Then the following two statements are equivalent. Sure. The start state is the set that contains λ. Thus. There is a transition from state A to state B labeled c if and only if there is a string x with x ∈ A and xc ∈ B. of course.14 by erasing those lines that are induced by ≡Q but not by ≡L . If that were to happen. Furthermore. The empty set ∅ is regular. This then determines all the transitions. Figure 2. which are rejecting.” which you may know as search patterns in text editors. This is expressed in the following theorem. Any set containing one character is regular. Since xc ≡L yc there is a string s with (xcs ∈ L) ⇔ (ycs ∈ L) and therefore a string z (= cs) with (xz ∈ L) ⇔ (yz ∈ L). Summarizing.10) says that the states have to partition the inputs in exactly one way. 2. Definition 3 (Regular languages) 1. it determines which states are accepting. other than choosing different names for the states and laying out the picture differently on the page.10)? None of any substance. ≡L partitions all strings into finitely many classes.17 could have been obtained from Figure 2. The states are the subsets of the partition induced by ≡L .17 illustrates this for the language Divisible-by-8. every minimal finite-state machine for L is isomorphic to the machine constructed as follows. Each state must correspond to one set from that partition. L is accepted by a finite-state machine. Theorem 14 All minimal finite-state machines for the same language L are isomorphic. there is no choice. Theorem 15 (Myhill-Nerode) Let L be a language. But (2. Regular Expressions (Kleene’s Theorem) The above Myhill-Nerode Theorem provides a complete characterization of properties that can be determined with finite-state machines. 1. Unlike our earlier construction of a finite-state machine from a (non-minimal) winning question of Alice’s.2. Regular languages and expressions are defined inductively as follows. THE MYHILL-NERODE THEOREM 49 that we have to observe (2. Figure 2. A state A is accepting if A ⊆ L. .15. and which is the start state. A totally different characterization is based on “regular expressions.2. we can choose arbitrary names for the states. 2. we have the following theorem. this construction will never result in two transitions with the same label from the same state. This is what our minimization algorithm would have done when run on the machine of Figure 2. contradicting x ≡L y. The number of states is given. it would mean that there are two strings x and y and a character c with x ≡L y and xc ≡L yc.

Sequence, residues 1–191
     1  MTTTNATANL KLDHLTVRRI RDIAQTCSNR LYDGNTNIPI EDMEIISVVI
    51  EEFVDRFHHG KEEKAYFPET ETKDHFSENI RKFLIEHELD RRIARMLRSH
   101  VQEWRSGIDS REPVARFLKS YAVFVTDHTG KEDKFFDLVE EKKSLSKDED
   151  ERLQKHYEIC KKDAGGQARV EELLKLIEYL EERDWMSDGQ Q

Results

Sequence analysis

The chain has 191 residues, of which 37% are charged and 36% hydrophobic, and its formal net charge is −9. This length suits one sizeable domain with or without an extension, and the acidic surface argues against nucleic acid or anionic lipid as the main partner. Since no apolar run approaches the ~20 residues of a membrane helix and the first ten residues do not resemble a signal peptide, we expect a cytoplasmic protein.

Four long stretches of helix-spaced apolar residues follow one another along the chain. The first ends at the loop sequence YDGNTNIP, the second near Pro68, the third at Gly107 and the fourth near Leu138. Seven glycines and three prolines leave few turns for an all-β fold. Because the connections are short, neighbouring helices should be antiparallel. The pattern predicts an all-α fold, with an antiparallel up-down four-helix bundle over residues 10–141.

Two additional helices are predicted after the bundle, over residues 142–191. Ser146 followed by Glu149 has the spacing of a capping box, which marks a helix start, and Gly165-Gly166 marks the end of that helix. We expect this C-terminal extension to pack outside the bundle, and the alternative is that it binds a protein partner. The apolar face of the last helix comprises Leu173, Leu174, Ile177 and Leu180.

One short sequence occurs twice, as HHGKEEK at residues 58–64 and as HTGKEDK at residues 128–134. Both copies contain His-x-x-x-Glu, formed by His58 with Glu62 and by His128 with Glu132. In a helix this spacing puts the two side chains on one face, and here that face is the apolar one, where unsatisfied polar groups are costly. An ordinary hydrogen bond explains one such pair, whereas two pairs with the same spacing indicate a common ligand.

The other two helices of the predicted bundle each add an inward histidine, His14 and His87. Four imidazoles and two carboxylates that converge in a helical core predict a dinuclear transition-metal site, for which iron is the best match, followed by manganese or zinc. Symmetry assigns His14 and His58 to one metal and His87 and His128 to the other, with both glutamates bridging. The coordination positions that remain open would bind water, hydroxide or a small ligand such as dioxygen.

Definition 4 (Regular expressions) sion and L(∅) = ∅. 1. . Theorem 16 (Kleene’s Theorem) The following two statements are equivalent. AB. (2) ⇒ (1) To construct a regular expression from a given finite-state machine M . If A and B are regular then so are A ∪ B. To construct regular expressions from finite-state machines we number the states and carry out an inductive construction. To construct finite-state machines from regular expressions we do an “induction over the structure” of the expression. FINITE-STATE MACHINES 3. and A . with the induction being over this numbering of the states. first number the states of the machine 1. Here are the details. Observation 5 A language L is regular if and only if there is a regular expression E with L = L(E). Proof Both parts of this proof are inductive constructions. 1. q. [The union. and A = {x1 x2 · · · xk : k ≥ 0 and xi ∈ A for all i} . AB = {xy : x ∈ A and y ∈ B}.] Observation 4 Finite languages are regular. concatenation and Kleene star operations are defined as usual: A ∪ B = {x : x ∈ A or x ∈ B}. and α . . The important result in this section is the following. 2. L is regular. and L(α ∪ β) = L(α) ∪ L(β). L(αβ) = L(α)L(β). Any single character c is a regular expression and L(c) = {c}. and L(α ) = (L(α)) . . while strictly speaking a technique that is tied to natural numbers. . 3. L is accepted by some finite-state machine. αβ. This is a nontrivial example of a proof by induction and a nice illustration of the fact that inductive proofs often become easier once you decide to prove a stronger result than you really wanted.50 CHAPTER 2. This is a nice example of the fact that induction. can be thought of as extending to other sets as well. with state 1 being the start . The symbol ∅ is a regular expres- 2. If α and β are regular expressions then so are α ∪ β.